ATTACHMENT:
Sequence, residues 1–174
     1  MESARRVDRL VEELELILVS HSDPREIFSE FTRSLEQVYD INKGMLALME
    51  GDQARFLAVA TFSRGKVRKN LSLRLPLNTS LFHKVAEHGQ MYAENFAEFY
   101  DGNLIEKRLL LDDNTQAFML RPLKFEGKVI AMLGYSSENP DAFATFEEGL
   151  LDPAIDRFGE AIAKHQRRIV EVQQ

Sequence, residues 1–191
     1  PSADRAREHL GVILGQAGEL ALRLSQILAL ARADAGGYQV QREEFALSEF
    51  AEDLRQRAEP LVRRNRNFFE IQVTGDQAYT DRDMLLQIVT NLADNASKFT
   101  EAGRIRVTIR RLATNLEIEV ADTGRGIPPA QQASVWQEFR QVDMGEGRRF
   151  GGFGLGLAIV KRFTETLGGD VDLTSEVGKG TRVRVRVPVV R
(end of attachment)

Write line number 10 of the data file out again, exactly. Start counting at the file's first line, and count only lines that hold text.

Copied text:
   151  GGFGLGLAIV KRFTETLGGD VDLTSEVGKG TRVRVRVPVV R